FDIC Consumer News - Summer 2016
How Do You Deposit a Check with Your Smartphone or Tablet?
Start by taking photos ... and taking precautions
At an increasing number of banks, consumers can use a smartphone or tablet to deposit a check into their account from anywhere they can access their account remotely. Simply endorse the check (just like you would at the ATM or teller), use your mobile device to snap a photo of the front and back, and deposit the check using the bank’s mobile application (app).
This service — often called “remote deposit capture” or RDC — is becoming more common at banks and more popular with consumers. Still, there are potential costs and security risks. FDIC Consumer News is offering our latest tips and reminders.
Review and understand your bank’s RDC policies and fees. This information will generally be on the bank’s app or website. “For example, find out if there is a limit on the total dollar amount or number of checks that you can deposit via RDC in a certain time period,” said Deborah Shaw, an FDIC senior technology specialist.
Additionally, you should determine how long the bank requires you to keep the original check after you deposit it using RDC.
Confirm when the funds from your deposited check will be made available to you. Federal rules allow banking institutions to put a temporary “hold” on certain deposits, and require institutions to provide disclosures to customers stating when their funds will be available for withdrawal. “If you do not find this information on the bank’s app or website, talk to an employee,” said Luke W. Reynolds, Chief of the FDIC’s Outreach and Program Development Section. “Also confirm the cutoff time for deposits to be considered received that day; this may not be the same as the bank’s normal closing time.”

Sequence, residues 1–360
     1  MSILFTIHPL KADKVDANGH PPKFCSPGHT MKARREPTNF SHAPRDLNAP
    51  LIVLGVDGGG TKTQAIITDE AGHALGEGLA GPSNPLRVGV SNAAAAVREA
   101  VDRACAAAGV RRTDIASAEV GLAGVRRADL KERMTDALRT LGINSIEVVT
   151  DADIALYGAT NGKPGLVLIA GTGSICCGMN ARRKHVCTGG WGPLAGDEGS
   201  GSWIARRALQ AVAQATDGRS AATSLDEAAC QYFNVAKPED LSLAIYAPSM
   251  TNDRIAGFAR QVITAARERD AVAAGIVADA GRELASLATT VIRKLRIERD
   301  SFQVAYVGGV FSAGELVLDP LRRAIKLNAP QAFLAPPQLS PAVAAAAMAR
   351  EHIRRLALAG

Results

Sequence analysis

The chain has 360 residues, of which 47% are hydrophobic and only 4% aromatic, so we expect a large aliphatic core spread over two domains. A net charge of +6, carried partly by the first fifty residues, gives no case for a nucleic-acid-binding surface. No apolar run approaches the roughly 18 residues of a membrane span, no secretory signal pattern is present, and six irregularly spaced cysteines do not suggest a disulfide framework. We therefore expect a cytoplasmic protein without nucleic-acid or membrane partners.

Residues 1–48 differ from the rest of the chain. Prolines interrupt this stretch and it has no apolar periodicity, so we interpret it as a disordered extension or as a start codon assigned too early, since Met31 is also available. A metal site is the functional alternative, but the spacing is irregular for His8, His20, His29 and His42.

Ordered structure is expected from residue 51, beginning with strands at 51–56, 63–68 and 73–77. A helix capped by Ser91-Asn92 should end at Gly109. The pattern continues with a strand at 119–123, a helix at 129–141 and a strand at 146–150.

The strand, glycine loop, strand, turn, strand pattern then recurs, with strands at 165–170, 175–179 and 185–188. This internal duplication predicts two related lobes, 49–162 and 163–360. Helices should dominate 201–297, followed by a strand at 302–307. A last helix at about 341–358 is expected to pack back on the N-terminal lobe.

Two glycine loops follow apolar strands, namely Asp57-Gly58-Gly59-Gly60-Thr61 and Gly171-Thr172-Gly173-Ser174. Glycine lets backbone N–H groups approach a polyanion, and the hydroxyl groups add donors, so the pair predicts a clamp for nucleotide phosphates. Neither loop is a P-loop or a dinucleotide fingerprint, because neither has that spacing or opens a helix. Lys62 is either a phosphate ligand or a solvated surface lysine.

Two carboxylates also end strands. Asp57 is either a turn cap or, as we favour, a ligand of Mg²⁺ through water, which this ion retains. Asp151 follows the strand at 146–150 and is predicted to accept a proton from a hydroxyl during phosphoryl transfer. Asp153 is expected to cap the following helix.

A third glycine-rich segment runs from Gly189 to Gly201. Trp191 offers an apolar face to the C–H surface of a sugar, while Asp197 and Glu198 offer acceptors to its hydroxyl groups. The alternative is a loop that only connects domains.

Take steps to avoid potential problems. RDC creates the risk that a check could be deposited more than once. That could happen accidentally if, for example, a wife deposits a check electronically using RDC and then her spouse, not realizing that the check is already deposited, sees the paper check and deposits it at the bank. Or, a fraudster could steal a check, alter it and attempt to deposit the funds.
Shaw advises writing “for mobile deposit only” or “deposited” on the back of the paper check and securely storing the check for as long as required according to your bank’s policies. After the bank’s recommended retention period ends, RDC users should shred the paper check.
Always monitor your accounts. As you would if you were depositing money any other way, make sure deposits and other transactions have been properly posted to your account. “You can check your account online or through the mobile app,” Shaw said. “Your bank also may provide email alerts about changes in account balances or unusual activity on your account.” She added that your bank also may be able to notify you by email or text message when RDC deposits are posted to your account or if there is a problem with a deposit.
For more help or information regarding remote deposits, contact your bank.